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Comparison of efficacies of current methods for troubleshooting industrial exhaust ventilation systems to a proposed new method.
Seattle, WA: University of Washington, 1996 Feb; :1-84
Industrial exhaust ventilation systems are designed to minimize worker exposure to airborne contam inants. For ventilation systems to operate effectively and to protect workers from harmful exposures, air drawn into the fan must be distributed among the hoods at predetermined (target) airflows. Over time systems age, incurring damage, obstructions, leaks and other alterations that skew the airflow distributions so that some hoods receive less than their target airflows. The ability to swiftly detect alterations ("troubieshooting") and restore systems to their previous working condition is therefore crucial for worker protection. Two methods used to identify alterations that produce shifts in airflow distribution are long-standing, the Industrial Ventilation method (IVM) and the hood static pressure method. In use, it is assumed in both methods that a decrease in hood static pressure (SPH) indicates a new obstruction, but an increase in SPH does not. However, one could broaden the method and assume that an increase also can indicate a new obstruction, thus creating what is called here "One-Sided" and "TwoSide" Hood Static Pressure methods. A third method is proposed by Guffey. It incorporates a variant of the hood static method and introduces two more diagnostic tests: ratios of static pressures (variable called "SPratio") and equivalent loss coefficients ("X-values") which are kinetic power loss coefficients for any volume. Previous laboratory studies have demonstrated the superiority of X-values in locating obstructions that have been deliberately placed in systems. This is important because shifts in airflow are generally due to obstructions. However, to determine values of X requires a timeconsuming velocity pressure traverse. Therefore, it would be convenient to use static pressures as screening tools to reduce the number of cases where X-values must be determined. In this study of an eleven branch ventilation system, static pressures were measured downstream of the hood (SPH), at the end of the branch (SPend), and at a location between the hood and end of the branch (SPmid). Velocity pressures were measured by a Pitot traverse at a convenient location in each branch. Cases where the change in X exceeded a specified threshold were deemed "obstructed." A screening test was deemed "positive" if the change in its variable value(s) exceeded a given threshold. A "true positive" for a method occurred when the value of X for a branch changed by more than a given X-threshold and the value of the method variable changed by more than its threshold. Thresholds for X were tested at values ranging from 0.05 to 0.6 and thresholds for each screening test's variable were varied from 0.0 to 0.6. A family of receiver operating characteristic (ROC) curves were drawn at each threshold for X. Performance for each screening tool was judged in part by area under the ROC curve. The results of this study were that in every case the areas under the ROC curves (indicating superior combinations of sensitivity and specificity) were higher for the SPratio Method and the "Two-Sided SPH" method and were very low for the IVM method and the "One-Sided SPH" method. One reason the IVM method and OneSided SPH method performed poorly was because they ignored obstructions upstream of the SPH measurement location. There was little difference between Two-Sided SPH method and SPratio with high values of X. At moderate changes in X, (e.g., <30%) the SPratio method was clearly superior to all the other methods. Therefore, SPratio method is the best screening tool at finding moderate obstructions. For very substantial obstructions, the Two-Sided SPH method would be adequate.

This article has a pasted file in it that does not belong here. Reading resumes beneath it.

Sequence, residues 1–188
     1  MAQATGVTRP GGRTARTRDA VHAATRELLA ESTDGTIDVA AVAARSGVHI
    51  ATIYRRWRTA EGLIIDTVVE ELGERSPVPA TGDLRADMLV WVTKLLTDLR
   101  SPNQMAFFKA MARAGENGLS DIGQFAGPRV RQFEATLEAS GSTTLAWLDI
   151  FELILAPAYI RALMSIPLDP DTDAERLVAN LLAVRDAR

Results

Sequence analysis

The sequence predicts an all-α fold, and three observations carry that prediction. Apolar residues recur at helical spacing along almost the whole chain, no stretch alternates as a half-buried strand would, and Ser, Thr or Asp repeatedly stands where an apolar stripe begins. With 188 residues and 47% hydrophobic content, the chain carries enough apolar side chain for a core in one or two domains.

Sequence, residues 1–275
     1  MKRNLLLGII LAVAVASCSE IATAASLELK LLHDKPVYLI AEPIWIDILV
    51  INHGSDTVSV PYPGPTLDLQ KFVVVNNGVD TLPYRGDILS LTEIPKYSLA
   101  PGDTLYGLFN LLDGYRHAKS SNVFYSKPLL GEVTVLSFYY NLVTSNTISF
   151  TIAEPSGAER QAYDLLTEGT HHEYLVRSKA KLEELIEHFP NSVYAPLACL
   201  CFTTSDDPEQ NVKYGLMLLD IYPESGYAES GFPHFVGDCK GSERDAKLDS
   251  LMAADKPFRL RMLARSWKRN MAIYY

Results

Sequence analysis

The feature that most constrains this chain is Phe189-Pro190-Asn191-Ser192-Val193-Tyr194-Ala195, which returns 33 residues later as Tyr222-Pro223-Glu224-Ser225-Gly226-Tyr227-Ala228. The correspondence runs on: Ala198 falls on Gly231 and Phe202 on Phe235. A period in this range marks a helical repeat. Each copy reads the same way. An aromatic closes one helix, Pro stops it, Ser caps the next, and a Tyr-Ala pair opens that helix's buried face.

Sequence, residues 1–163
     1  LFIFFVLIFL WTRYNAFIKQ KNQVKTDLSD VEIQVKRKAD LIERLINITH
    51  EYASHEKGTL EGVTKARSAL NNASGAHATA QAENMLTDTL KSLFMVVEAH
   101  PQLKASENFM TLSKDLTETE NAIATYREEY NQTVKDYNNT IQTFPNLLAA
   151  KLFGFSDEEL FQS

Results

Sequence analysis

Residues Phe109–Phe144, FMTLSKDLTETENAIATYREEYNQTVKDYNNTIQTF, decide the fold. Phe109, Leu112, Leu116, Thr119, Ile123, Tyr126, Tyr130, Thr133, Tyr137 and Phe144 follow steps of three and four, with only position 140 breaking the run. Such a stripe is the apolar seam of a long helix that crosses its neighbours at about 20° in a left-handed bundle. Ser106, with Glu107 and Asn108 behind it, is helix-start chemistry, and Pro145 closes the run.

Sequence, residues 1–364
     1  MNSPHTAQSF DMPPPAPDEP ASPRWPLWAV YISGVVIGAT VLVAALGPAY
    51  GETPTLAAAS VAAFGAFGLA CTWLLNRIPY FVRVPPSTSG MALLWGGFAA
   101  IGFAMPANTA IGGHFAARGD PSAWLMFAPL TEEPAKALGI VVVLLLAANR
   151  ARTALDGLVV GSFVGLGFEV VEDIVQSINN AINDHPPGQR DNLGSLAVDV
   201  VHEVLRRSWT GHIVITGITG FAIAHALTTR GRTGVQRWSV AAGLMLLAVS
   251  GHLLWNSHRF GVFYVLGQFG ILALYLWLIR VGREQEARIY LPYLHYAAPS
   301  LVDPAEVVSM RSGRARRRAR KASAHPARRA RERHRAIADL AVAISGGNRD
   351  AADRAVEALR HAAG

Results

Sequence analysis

Ventilation; Industrial ventilation; Ventilation systems; Exhaust ventilation; Air flow; Air contamination; Airborne particles; Equipment design; Models
Ann Pinsky, University of Washington, School of Public Health and Community Medicine, Department of Environmental Health, Room F226D, Box 357234, Seattle, WA 98195-7234
Empirical determination of the error in the ACGIH method of predicting airflow distribution in two ventilation systems
University of Washington, Department of Environmental Health, Seattle, WA
Page last reviewed: June 15, 2021
Content source: National Institute for Occupational Safety and Health Education and Information Division